The Mk-1 A variant of the LCA Tejas is an indigenous state-of-the-art modern 4+ generation fighter aircraft

In a major development, the Union Cabinet on Wednesday cleared the procurement of 83 Light Combat Aircraft (LCA) Tejas from Bengaluru-based Hindustan Aeronautics Ltd. (HAL). The deal includes 73 LCA Tejas Mk-1A fighters and 10 LCA Tejas Mk-1 trainer aircraft.

Described as India’s largest indigenous defence procurement deal, it is worth Rs 45,696 crore. An additional Rs 1,202 crore has been sanctioned for design and development of infrastructure for the aircraft.

The LCA Tejas is a multi-role fighter with advanced avionics, glass cockpit, and a digital quadruplex fly-by-wire control system.

The Mk-1 A variant of the LCA Tejas is an indigenously designed, developed, and manufactured state-of-the-art modern 4+ generation fighter aircraft.

It is equipped with critical operational capabilities of Active Electronically Scanned Array Radar, Beyond Visual Range Missile, Electronic Warfare Suite and Air to Air Refuelling (AAR), the Ministry of Defence said in a statement after the cabinet decision.

This is the first “Buy (Indian-Indigenously Designed, Developed and Manufactured)” category procurement of combat aircrafts with an indigenous content of 50% which will progressively reach 60%.

LCA-Tejas is going to be the backbone of the Indian Air Force’s Fighter Fleet, Defence Minister Rajnath Singh tweeted. Expressing pride in India’s technological capacities, he mentioned that the LCA-Tejas incorporates new technologies that were never attempted in India.

The manufacturing of LCA by HAL is part of the Atmanirbhar Bharat (self-reliant India) initiative of the government and a boost to the indigenisation of defence production and the defence industry in the country.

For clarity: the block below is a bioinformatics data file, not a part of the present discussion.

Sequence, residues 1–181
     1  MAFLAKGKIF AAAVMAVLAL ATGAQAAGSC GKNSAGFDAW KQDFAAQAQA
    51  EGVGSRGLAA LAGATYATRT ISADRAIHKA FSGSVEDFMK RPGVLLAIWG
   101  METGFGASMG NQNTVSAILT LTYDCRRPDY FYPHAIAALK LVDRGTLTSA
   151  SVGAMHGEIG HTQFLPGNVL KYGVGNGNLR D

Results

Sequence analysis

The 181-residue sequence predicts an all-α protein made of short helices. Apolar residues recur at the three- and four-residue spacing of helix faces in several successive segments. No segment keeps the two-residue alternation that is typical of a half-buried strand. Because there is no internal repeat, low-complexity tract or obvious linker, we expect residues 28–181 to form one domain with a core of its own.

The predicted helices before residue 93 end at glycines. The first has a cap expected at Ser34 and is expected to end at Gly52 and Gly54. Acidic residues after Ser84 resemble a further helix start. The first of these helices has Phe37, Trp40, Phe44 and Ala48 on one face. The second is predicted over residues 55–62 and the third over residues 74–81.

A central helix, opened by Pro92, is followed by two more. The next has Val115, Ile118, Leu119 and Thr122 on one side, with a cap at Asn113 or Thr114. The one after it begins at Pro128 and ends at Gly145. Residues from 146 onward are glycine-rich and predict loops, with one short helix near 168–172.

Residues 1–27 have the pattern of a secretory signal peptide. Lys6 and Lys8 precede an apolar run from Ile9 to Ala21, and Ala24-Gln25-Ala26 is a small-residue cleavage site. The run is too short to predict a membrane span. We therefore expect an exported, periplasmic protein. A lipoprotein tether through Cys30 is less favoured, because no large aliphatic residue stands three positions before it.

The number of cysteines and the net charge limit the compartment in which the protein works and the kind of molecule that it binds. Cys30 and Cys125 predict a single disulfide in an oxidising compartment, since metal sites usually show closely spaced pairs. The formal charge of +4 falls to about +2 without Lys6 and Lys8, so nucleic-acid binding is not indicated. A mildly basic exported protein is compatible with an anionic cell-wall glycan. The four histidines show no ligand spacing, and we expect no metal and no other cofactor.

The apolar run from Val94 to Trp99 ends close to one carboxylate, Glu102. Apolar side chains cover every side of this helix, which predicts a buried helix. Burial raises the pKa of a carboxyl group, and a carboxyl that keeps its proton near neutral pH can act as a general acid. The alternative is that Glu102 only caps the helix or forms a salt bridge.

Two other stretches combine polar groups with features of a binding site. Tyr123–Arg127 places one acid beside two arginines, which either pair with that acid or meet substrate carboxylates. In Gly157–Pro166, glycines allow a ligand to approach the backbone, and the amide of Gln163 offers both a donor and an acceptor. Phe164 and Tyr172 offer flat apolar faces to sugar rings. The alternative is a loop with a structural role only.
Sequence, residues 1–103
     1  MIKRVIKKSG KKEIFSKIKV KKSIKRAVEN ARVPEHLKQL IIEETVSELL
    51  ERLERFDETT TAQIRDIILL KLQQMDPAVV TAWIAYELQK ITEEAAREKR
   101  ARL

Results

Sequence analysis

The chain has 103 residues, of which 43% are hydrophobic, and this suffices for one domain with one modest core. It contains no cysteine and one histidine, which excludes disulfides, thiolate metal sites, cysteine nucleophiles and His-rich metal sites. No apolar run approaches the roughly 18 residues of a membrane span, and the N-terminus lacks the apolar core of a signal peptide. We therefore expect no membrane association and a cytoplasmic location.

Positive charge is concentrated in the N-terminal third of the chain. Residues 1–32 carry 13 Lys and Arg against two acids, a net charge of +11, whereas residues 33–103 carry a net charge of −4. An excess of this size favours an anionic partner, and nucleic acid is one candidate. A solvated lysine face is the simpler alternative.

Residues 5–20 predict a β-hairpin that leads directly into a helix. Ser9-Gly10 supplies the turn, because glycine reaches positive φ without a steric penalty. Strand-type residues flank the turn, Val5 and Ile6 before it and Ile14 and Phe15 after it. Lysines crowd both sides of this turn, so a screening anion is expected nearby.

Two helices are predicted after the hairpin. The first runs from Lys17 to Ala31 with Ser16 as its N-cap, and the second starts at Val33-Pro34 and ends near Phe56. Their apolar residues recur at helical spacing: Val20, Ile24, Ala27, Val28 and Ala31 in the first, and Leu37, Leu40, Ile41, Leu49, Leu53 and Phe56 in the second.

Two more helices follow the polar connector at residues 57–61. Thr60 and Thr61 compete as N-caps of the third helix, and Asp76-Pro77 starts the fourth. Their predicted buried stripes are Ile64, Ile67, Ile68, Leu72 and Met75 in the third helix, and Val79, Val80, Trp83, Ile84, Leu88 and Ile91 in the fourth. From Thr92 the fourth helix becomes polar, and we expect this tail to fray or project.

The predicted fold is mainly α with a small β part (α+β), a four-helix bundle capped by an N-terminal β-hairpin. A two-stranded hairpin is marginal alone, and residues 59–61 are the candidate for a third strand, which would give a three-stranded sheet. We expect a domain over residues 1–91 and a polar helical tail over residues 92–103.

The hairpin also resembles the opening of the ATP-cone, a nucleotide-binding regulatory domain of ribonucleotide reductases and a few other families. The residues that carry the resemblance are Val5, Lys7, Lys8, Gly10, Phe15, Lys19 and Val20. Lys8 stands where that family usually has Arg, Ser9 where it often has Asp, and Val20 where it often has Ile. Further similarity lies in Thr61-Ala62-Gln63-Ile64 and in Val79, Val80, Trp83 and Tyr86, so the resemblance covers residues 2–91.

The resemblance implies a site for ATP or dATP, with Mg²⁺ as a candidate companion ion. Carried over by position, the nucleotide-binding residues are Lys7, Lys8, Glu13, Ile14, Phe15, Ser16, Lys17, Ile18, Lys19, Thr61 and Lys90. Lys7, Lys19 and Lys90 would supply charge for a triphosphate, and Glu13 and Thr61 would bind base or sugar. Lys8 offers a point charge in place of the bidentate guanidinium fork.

According to the Defence Minister, the cabinet decision will considerably expand the current LCA ecosystem and help in creating new job opportunities. “HAL follows a system integrator model in LCA Mk1A program and acts as an umbrella organisation, fostering manufacturing & design capabilities in pvt. Industry,” he said.

The HAL has already set up second line manufacturing facilities at its Nasik and Bengaluru divisions. About 500 Indian companies including MSMEs in the design and manufacturing sectors will be working with HAL in this process.

The programme would act as a catalyst for transforming the Indian aerospace manufacturing ecosystem into a vibrant Atmanirbhar-self-sustaining ecosystem.

The Cabinet also approved infrastructure development by the IAF to enable them to handle repairs or servicing at their base depot. This would ensure reduction in the turnaround time for mission critical systems and would lead to increased availability of aircraft for operational exploitation.

According to the defence ministry, this would enable IAF to sustain the fleet more efficiently and effectively due to availability of repair infrastructure at respective bases.

The Defence Research and Development Organisation (DRDO) described the government’s decision as an important stepping stone for Indian defence scientists and the country’s aerospace industry.